Year A – 23rd Sunday in Ordinary Time

The Gentle Art of Correction

(Ezek.33:7-9; Rom.13:8-10; Mt.18:15-20)

Many years ago, a man named Frank took me under his wing. He was a tall Dutchman with a large belly and a heart to match.

It was early in my working life, and he kindly encouraged me and shared his wisdom with me. He also gave me guidance, and he challenged me by saying the things that I needed to hear.

Today, I remember Frank as my second father, but really, he was my mentor. What is a mentor? It’s an experienced person who gives guidance to a beginner. There have been many famous mentoring relationships in history – Sigmund Freud, for example, mentored Carl Jung, Steve Jobs mentored Mark Zuckerberg, and Pope St John Paul II mentored Pope Benedict XVI.

Asked about this, Pope Benedict XVI said that his pontificate was inspired by Pope John Paul II. ‘My memory of John Paul II is filled with gratitude,’ he said. ‘I couldn’t and shouldn’t try to imitate him, but I have tried to carry forward his legacy and his work the best that I could.’

The idea of mentoring oeiginally comes from the Bible. The Scriptures don’t actually use that word; however, they do record many mentoring relationships.

Moses mentored Joshua (Deut.34:9), Eli mentored Samuel (1Sam.3), Paul mentored Timothy (1 and 2 Timothy), and of course, Jesus mentored his disciples. He met with them, he shared meals with them, he gave them advice and he modelled the way.

And importantly, Jesus not only encouraged them, he also challenged them by saying the things that they needed to hear (Mt.16:23).

It’s because of this continuing chain of mentoring relationships that we have our Church today.

As Christians, we share this duty to guide others, especially when we see them doing the wrong thing. This is important, because none of us is perfect; we all need to learn. Unfortunately, however, many of us prefer to turn a blind eye; we try to avoid getting involved.

But remember that in Genesis, when God asks Cain, ‘Where is your brother Abel?’ Cain answers, ‘Am I my brother’s keeper?’ (Gen.4:9).

In his reply, God says, in effect, that yes, you are your brother’s keeper. In fact, you are all brothers and sisters and this means you are responsible for everything you do and say to each other. You are a family.’ [i]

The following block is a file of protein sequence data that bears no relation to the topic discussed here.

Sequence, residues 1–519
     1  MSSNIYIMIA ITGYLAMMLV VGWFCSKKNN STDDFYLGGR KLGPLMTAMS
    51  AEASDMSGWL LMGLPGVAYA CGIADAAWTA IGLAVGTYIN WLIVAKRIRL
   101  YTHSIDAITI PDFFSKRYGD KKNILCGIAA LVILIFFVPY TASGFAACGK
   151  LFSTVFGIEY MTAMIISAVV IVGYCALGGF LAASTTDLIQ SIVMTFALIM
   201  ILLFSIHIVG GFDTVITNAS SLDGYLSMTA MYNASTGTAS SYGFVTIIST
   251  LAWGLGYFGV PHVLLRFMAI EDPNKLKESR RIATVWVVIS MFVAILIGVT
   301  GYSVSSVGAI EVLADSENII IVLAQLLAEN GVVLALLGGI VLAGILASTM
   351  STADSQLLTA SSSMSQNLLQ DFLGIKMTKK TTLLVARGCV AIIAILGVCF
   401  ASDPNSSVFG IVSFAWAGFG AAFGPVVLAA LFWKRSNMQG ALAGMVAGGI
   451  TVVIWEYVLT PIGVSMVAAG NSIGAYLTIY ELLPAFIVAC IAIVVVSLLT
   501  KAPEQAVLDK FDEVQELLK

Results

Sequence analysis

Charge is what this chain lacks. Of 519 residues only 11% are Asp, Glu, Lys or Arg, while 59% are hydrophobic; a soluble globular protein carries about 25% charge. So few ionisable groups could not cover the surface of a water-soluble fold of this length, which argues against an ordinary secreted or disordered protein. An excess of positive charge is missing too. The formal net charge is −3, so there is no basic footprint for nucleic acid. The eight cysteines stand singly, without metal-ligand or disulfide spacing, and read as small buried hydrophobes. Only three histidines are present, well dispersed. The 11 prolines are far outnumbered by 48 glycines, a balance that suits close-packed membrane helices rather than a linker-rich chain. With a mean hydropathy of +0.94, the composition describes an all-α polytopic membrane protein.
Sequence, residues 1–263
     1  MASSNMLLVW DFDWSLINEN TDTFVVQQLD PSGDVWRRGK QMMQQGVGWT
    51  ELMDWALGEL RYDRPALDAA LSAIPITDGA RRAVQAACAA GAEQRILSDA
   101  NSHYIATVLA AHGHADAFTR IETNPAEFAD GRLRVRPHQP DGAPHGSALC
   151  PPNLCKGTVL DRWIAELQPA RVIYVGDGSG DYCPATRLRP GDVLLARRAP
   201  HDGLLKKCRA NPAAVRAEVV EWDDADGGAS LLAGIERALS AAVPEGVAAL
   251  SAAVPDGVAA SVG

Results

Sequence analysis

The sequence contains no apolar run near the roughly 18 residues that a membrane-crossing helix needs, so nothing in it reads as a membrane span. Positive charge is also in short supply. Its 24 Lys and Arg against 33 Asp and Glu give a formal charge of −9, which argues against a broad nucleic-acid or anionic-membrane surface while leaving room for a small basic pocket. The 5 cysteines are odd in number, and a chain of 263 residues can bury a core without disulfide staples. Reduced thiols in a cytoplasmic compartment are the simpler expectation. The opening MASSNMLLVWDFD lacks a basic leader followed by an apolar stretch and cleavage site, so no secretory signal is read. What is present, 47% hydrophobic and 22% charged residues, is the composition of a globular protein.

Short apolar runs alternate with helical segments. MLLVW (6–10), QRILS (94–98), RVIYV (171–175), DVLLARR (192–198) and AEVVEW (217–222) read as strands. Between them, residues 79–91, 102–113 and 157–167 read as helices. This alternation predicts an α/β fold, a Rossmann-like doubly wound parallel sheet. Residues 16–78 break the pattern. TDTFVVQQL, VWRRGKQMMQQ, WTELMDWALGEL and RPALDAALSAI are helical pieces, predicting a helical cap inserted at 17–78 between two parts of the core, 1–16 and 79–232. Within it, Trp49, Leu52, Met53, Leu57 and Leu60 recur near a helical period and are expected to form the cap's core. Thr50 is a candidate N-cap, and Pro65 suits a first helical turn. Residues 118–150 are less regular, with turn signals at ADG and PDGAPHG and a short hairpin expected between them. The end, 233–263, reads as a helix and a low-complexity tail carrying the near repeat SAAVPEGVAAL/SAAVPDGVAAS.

Indeed, we are a family because by our baptism we all share the same heavenly Father, the same mother Mary and the same brother Jesus.

That’s why in today’s Gospel Jesus says, ‘If your brother does something wrong, go and have it out with him.’ That’s also why in our first reading, God sends Ezekiel to watch over his people. His job is to protect them by speaking up if they do anything wrong or if they put themselves in danger.

We know this isn’t always easy to do. Fear and pride often stop us from giving or receiving advice. But that’s why St Paul in our second reading reminds us to always respect others, to always love our neighbours as ourselves, for we have a responsibility to them.

In his autobiography, Long Walk to Freedom, Nelson Mandela talks about his long years of imprisonment on Robben Island. He tells how one day he was called to the main office. General Steyn was visiting and wanted to know if the prisoners had any complaints. The prisoners had chosen Mandela as their spokesman. Badenhorst, the prison commander, was also present. He was feared and hated by the prisoners.

In a calm but forceful and truthful manner, Mandela listed the prisoners’ complaints. But he did so without bitterness or recrimination. The general listened carefully. It really was a damning indictment of Badenhorst’s regime.

The next day, Badenhorst went to Mandela and said, ‘I’m leaving the island. I just want to wish you people good luck.’ That remark stunned Mandela. He thought about it for a long time afterwards. Badenhorst had been the cruellest of the prison commanders, but this incident showed that he had another side to his nature.

Mandela wrote: ‘It goes to show that even the most seemingly cold-blooded have a core of decency, and that if their hearts are touched, they are capable of changing.’ [ii]

The Scriptures often exhort us to look out for our wayward brothers and sisters (e.g., Jas.5:19; Gal.6:1; Col.3:16; Lev.19:17). This is a responsibility we all share because we want the best for them.

It takes courage, sensitivity and love to speak the truth to others.

If you find this hard to do, just ask Jesus for his help.

[i] Peter Kreeft, Food for the Soul, Year A. Word on Fire, Park Ridge, IL. 2022:653.

[ii] Flor McCarthy, New Sunday and Holy Day Liturgies, Year A. Dominican Publications, Dublin, 2019:304-305.